To make and to create
Pottery shards and translucent glass like porcelain can survive thousands of years allowing us to learn about ancient cultures in a colorful way. Even though pottery is practical and serves a purpose, it is also a form of art in its shape, color, and decoration. Jewelry, like pottery has a timeless quality to it that survives season after season and pieces from trendy to expensive can be passed on from one generation to the next.
“If you don’t have the label you feel like you can’t do the thing, but doing the thing is how you get the label.”
Rachel Warkentin and Lindsay Jordan Kretchun of Barrow PDX create wearable art by combining hand dyed fiber and clay to form unique pieces of jewelry. The two have an appreciation for material and invest in researching every material that is used for their craft. Fiber and glazes allow them to experiment with color and texture. “This is something that propels us forward especially with our interest in material. If one person is interested in a certain material or technique the other will say go for it. I’ll do the other stuff. You are not constantly being pulled away from the actual work and you can take turns doing that and going off and exploring and bringing all that research back and share that with the other,” Lindsay shared.
Before Barrow, Rachel and Lindsay were not potters, nor were they jewelers. Yes they were creative and artistic, but they were not businesswomen. “Labels are really restrictive that way. If you don’t have the label you feel like you can’t do the thing, but doing the thing is how you get the label,” Rachel shares. Ten years of friendship, countless beers, and a shared love of cheesy horror movies led the two to move past labels and find the medium that lead to Barrow’s creation.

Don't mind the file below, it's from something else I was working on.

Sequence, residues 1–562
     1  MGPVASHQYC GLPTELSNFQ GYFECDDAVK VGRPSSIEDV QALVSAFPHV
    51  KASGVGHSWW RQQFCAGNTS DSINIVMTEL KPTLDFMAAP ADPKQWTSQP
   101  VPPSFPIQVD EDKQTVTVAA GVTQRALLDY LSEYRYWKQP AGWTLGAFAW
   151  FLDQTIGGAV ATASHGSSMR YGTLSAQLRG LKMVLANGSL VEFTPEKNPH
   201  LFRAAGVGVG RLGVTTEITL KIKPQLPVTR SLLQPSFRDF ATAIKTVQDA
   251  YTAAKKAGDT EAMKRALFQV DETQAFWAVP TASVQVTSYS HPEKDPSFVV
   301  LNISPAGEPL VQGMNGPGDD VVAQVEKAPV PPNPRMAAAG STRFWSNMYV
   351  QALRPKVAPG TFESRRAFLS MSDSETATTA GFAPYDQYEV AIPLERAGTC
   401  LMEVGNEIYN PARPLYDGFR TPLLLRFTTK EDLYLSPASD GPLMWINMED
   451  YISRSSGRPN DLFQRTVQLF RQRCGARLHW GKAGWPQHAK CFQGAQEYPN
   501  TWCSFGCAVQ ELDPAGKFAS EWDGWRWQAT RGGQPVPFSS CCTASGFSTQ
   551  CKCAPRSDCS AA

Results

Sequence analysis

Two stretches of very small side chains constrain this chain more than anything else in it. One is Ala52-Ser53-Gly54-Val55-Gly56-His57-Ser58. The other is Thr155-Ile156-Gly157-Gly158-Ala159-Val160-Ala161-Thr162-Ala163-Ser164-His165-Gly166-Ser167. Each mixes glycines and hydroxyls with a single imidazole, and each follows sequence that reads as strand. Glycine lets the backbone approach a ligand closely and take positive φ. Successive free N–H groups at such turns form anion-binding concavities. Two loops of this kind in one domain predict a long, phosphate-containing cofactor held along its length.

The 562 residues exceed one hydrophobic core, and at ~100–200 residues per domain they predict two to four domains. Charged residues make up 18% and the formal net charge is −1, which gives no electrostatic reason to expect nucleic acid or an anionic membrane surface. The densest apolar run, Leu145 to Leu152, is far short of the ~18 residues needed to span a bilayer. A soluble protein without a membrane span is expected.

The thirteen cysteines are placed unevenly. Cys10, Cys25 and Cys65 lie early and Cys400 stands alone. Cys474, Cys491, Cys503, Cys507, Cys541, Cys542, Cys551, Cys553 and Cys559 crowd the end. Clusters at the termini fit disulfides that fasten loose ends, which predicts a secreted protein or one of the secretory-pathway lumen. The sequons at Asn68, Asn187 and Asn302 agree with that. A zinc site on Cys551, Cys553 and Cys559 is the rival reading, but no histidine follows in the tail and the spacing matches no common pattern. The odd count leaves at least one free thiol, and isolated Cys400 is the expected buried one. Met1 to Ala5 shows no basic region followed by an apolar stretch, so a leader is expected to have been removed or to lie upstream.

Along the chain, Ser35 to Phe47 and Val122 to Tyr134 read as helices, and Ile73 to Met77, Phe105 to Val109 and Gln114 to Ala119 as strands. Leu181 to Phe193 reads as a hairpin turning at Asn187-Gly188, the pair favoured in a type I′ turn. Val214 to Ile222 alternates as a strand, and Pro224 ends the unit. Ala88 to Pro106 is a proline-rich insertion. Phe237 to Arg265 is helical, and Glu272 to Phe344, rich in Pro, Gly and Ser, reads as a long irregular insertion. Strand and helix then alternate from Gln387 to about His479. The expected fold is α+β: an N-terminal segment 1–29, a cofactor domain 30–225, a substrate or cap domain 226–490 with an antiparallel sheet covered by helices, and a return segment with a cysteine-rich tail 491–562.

A love story and how Barrow began
Lindsay and Rachel met in college at Oregon State University where they were both beginning their art studies. The friendship, however, began after a trip to Paris that was booked before “we really go to know each other.” The two aspiring painters stayed close friends through school, moving to California to earn MFA degrees at two separate colleges and later returning to Oregon. “We were both working jobs we didn’t love and we were not sure what we were going to do with our lives. We were spending most of our time sulking and drinking beer together. Then we were like instead of sulking and drinking beer let’s play with clay and drink beer or sulk and play with clay,” Rachel explains.